Danish scientists have developed a method that gives a precise picture of how the immune system works during a chronic infection. Using 5 mm silicone tubes, they created a model system that allows them to examine how the immune system and bacteria interact in isolation.
“Although we have always suspected that to cause a chronic infection, bacteria knock out the immune system’s white blood cells, the new method allows us to see precisely what happens. Instead of looking down on the bacterial surface, we can examine a section to see the interaction directly and follow how the bacteria react to white blood cells and to antibiotics. That enables us to understand the basic processes behind chronic infections," explained Thomas Bjarnsholt, associate professor at the University of Copenhagen.
"The new method allows us to investigate which compounds the bacteria are secreting while overpowering the white blood cells,” added Maria Alhede, a PhD student in the department of international health, immunology, and microbiology at the University of Copenhagen. “Conversely, we can also see what happens when the immune system works. The white blood cells make DNA traps that capture the bacteria, but that used to be only a guess," added Maria Alhede, from the Department for International Health, Immunology and Microbiology at the University of Copenhagen.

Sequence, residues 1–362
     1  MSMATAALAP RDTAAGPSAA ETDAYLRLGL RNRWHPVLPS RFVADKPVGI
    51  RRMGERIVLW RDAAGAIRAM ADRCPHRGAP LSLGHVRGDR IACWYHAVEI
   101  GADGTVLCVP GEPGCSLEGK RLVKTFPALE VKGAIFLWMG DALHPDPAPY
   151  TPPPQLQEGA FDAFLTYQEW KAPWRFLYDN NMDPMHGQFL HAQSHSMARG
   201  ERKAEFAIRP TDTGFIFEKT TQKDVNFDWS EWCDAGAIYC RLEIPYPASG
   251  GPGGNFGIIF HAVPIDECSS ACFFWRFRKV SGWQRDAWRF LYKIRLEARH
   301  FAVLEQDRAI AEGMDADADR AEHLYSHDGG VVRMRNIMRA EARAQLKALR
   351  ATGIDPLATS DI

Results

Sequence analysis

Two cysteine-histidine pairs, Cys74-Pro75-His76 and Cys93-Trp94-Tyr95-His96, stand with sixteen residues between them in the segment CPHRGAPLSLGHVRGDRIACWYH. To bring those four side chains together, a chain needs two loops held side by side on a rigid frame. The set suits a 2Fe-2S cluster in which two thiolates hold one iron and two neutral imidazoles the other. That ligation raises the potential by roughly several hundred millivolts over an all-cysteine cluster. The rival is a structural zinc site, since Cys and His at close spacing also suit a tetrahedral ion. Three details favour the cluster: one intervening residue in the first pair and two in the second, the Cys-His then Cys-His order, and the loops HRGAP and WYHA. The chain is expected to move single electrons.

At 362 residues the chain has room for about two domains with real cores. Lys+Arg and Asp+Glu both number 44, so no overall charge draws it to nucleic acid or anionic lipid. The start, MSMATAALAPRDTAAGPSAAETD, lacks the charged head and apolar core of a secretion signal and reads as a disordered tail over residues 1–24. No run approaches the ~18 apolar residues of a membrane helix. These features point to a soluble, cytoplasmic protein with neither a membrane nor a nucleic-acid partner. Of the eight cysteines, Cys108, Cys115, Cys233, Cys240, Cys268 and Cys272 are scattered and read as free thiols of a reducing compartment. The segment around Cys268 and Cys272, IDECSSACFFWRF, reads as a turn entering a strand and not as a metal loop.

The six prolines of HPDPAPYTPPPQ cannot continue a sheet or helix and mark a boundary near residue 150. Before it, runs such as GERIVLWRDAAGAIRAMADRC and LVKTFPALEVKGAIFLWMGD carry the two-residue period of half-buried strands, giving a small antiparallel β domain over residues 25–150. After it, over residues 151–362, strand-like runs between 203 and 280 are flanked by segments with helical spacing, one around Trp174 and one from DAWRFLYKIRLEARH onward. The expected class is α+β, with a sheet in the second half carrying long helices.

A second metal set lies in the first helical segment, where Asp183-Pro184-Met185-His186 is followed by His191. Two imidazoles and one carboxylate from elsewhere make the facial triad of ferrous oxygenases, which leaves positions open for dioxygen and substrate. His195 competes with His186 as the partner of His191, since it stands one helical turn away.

The research team combined light microscopy and electron microscopy to show visually exactly what happens in the body when biofilm bacteria meet the immune system or are treated with antibiotics. The method also makes it possible to investigate what processes are activated when scientists test new medicine.
"Chronic infections most often arise when we introduce foreign objects into the body, such as catheters and implants like artificial hips and knees. But chronic bacterial infections also plague many children with middle-ear infections, as well as diabetics, who run a great risk of developing chronic sores on legs and feet. For patients with cystic fibrosis, the chronic pneumonia caused by the aggressive Pseudomonas bacteria is directly life-threatening. Now we have the opportunity to see the exact mechanism of a drug," said Niels Høiby, professor at Rigshospitalet.
Source: University of Copenhagen